SEISMIC WAVES CAUSED BY EARTHQUAKES can tell us a lot about the makeup of the Earth’s crust and mantle. Yet we lack seismic readings from the regions under the world’s oceans, which cover 70 percent of the planet’s surface. To address this data gap, Associate Professor of Geosciences Frederik Simons and colleagues developed ocean-going autonomous buoys called MERMAIDs (Mobile Earthquake Recording in Marine Areas by Independent Divers) and, in a paper published on Aug. 20, 2015, in Nature Communications, reported that the divers can recognize earthquakes and transmit seismograms more or less in real time.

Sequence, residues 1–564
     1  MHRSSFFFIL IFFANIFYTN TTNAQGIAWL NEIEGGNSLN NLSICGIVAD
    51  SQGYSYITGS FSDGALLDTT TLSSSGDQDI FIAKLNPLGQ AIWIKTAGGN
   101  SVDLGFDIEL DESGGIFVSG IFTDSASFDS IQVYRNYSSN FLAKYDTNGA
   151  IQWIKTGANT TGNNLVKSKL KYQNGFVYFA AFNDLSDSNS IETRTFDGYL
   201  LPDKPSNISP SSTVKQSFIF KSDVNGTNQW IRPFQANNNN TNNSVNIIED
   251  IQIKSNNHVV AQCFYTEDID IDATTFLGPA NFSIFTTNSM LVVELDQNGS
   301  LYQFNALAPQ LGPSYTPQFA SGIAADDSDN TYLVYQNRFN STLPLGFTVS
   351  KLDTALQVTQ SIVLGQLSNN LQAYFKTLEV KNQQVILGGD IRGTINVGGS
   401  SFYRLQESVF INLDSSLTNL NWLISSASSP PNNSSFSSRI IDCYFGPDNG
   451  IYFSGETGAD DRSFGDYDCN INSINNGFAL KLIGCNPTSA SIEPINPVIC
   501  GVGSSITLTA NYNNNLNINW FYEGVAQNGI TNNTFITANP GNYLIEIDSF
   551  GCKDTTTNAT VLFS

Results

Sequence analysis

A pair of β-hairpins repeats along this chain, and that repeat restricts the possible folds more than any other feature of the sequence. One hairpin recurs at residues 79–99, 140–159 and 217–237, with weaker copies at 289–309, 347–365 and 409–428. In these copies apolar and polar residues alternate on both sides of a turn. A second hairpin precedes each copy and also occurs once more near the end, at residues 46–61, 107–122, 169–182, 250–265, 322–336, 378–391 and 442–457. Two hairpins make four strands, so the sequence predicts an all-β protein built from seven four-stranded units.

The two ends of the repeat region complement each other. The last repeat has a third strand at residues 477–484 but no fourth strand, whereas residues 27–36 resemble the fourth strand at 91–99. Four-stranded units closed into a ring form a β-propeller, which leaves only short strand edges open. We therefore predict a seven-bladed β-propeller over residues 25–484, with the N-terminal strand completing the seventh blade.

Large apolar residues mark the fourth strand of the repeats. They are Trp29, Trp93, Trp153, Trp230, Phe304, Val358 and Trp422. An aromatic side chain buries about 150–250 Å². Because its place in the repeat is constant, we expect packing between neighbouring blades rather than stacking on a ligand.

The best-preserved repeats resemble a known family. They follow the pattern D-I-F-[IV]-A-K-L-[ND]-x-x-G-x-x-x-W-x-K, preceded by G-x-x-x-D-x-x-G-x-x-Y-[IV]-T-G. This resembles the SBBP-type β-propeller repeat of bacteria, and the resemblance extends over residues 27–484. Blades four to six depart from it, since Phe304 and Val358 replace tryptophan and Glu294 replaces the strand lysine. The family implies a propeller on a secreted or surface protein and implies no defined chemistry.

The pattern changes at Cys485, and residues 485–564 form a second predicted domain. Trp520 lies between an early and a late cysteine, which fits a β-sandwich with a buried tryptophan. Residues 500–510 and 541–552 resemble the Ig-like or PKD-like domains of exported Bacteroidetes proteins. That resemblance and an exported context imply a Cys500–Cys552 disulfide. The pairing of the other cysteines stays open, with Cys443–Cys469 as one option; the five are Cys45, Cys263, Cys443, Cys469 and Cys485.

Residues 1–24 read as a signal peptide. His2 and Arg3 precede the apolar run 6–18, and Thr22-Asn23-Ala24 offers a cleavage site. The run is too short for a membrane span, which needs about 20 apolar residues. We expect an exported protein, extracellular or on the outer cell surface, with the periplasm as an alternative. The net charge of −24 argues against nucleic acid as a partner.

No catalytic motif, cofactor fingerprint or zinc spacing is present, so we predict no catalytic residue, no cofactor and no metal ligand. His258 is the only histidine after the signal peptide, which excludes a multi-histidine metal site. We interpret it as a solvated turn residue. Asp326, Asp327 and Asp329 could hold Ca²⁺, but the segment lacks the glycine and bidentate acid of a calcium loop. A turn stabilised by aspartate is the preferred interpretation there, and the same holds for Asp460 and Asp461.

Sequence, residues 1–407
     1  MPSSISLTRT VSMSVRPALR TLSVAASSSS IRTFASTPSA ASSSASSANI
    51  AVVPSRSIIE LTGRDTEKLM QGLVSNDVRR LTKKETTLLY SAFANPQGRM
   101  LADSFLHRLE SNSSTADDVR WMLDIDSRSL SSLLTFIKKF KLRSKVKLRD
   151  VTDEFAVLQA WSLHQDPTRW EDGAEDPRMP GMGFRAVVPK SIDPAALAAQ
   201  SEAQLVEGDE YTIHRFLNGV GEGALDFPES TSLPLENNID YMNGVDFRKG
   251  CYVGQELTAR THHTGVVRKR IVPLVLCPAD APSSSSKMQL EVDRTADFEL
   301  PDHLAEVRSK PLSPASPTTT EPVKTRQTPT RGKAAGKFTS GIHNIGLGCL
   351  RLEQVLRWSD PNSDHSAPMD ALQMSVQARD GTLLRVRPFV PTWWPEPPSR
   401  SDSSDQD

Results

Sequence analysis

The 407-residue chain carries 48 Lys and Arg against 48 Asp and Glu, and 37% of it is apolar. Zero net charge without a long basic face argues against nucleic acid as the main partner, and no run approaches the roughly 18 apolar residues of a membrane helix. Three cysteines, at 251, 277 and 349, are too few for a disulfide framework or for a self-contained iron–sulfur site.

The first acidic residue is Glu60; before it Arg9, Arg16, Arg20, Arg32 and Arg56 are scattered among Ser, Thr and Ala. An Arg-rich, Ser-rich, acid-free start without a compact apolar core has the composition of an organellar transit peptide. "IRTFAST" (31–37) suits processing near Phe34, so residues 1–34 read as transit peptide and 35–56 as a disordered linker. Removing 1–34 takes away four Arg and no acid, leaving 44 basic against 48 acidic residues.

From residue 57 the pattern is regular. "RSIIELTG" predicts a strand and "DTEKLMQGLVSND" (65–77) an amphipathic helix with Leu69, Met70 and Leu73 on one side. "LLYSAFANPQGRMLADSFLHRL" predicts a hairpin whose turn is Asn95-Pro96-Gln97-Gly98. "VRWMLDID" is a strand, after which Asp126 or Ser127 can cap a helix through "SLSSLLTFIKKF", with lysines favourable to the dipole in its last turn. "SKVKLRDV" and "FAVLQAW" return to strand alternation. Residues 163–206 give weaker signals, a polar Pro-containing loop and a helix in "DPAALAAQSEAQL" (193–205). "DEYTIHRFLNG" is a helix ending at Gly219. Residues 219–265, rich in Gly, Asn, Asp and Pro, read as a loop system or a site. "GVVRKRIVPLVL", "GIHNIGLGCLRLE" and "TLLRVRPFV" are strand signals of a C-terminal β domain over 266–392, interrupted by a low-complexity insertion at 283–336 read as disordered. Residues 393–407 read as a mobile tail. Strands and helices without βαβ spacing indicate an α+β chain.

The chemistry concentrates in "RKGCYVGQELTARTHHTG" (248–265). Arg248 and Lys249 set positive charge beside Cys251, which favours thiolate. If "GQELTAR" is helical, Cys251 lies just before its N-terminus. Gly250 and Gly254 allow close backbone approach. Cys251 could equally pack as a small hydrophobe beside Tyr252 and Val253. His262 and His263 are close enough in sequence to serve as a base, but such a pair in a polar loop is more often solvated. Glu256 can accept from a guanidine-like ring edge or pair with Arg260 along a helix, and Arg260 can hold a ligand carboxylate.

The divers are equipped with a hydrophone to detect acoustic signals generated by seismic waves. The MERMAID drifts as deep as 2,000 meters under the surface until it detects an earthquake. Then it ascends to transmit the recorded waveform and its GPS position.
Simons and colleagues at the University of Rhode Island are now working on the next-generation buoy, which they call Son-o-MERMAID. After its maiden voyage three years ago was disrupted by Hurricane Sandy, the float is once again being tested and will be ready for deployment in the next few months. Compared to its progenitor, the new float has better position awareness and real-time communication capabilities because part of the instrument is always above water, and, in addition to batteries, has solar panels that power a vertical array of hydrophones.
The research is supported by the A.H. Phillips Instrument Fund at Princeton University and by the National Science Foundation.
–By Catherine Zandonella